From Amazon ~ Journalist Yoffe recalls her entry into urban dog ownership - a life experience this former "cat person" thought she could avoid - in this witty memoir. Yielding to immense pressure from her husband and young daughter, Yoffe finds herself the main caretaker of a rather high-maintenance rescued beagle, Sasha. Like most books in the pet genre, this one is cute; unlike many, it's not precious. Yoffe relates amusing tales of bodily functions gone awry and house-training incidents (beagles are notorious for having difficulty in this area), as well as vivid recollections of Sasha's behavioral training. She also includes tidbits from people she's met at dog classes and competitions. "[A]lmost everyone I knew with a dog had a story. Maybe companionship and someone to lick your feet isn't what really motivates people to have dogs. Maybe being able to tell dog stories is." Yoffe fleshes out her anecdotes with fun facts about canines, on such things as the evolution from wolf to dog and the fatality of a dog bite. Not surprisingly, Yoffe eventually becomes a true dog lover and Sasha becomes just the first in a series of beagle orphans to traipse through the author's home.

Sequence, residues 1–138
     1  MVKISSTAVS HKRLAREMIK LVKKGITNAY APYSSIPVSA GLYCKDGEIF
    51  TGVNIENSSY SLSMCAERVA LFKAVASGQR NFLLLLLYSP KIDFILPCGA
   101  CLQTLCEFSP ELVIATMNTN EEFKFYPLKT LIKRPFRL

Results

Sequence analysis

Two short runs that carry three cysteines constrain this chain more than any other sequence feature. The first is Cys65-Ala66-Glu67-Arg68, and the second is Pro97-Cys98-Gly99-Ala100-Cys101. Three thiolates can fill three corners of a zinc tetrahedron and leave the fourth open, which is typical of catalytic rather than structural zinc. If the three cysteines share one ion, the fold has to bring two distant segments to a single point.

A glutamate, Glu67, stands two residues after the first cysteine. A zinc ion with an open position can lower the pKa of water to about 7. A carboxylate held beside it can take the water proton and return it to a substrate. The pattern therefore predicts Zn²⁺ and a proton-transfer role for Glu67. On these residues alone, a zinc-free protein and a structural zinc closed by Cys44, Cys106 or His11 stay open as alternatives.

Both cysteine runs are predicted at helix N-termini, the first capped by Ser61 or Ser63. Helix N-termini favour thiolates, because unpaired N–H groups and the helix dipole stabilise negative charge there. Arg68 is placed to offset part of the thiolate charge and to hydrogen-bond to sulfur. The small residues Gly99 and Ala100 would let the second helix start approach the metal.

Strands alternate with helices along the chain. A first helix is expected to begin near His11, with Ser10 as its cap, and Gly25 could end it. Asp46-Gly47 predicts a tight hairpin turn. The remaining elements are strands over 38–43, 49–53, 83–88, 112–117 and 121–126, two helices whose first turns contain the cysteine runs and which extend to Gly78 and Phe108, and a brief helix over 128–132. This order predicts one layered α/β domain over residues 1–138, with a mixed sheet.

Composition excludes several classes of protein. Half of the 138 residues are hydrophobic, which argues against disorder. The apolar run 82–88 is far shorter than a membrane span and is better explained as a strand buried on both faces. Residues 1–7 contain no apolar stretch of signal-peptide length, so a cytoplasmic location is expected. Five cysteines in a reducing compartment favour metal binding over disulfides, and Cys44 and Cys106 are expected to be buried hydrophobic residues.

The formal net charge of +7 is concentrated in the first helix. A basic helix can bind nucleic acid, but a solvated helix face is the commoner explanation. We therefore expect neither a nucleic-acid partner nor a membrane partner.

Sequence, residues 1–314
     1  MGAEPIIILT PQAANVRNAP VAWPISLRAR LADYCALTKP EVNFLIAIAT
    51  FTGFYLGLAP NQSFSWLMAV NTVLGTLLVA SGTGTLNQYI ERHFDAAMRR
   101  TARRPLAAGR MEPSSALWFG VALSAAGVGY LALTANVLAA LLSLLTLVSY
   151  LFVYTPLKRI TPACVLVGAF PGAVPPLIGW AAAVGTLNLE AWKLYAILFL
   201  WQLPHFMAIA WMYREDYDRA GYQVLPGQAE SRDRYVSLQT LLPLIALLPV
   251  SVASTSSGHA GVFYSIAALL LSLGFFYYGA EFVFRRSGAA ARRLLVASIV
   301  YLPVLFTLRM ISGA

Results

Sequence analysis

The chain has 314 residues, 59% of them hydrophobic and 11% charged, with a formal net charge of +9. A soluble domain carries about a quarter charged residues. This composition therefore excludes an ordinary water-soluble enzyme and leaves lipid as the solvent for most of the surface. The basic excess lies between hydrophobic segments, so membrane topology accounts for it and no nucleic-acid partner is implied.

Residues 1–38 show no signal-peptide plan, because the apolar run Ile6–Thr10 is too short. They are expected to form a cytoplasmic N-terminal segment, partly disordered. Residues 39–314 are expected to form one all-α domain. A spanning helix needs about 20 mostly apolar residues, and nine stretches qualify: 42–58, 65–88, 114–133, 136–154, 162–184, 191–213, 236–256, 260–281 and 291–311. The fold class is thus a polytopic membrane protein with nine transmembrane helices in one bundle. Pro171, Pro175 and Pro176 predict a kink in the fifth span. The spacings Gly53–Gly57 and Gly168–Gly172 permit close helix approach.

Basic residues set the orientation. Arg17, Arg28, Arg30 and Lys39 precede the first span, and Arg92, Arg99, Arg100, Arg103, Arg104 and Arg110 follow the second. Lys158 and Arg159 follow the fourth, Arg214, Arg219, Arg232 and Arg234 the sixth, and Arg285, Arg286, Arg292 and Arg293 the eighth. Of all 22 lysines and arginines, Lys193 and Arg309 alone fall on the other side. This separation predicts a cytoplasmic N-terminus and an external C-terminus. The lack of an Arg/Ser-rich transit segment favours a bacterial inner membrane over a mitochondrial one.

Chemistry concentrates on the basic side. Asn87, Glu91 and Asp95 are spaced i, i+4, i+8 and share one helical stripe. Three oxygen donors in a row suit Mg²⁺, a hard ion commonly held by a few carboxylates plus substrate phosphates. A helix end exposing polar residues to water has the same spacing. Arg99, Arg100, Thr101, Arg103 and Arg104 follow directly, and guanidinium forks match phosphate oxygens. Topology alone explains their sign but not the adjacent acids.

I'd never heard of Yoffe nor had I read any of her columns. But I love reading stories about animals.
I took a dislike to the author right away ... I found her to be cold. I liked her sarcasm for the most part but in some cases I found it to be in poor taste.
Despite that, I enjoyed the book. There were lots of stories about pets that the owner had had along with people she knew. And I did applaud her involvement in BREW (Beagle Rescue, Education and Welfare).
I must say, though, that I questioned some of the stories she related ... some were horrible and I wondered why the owners were ever allowed to have pets.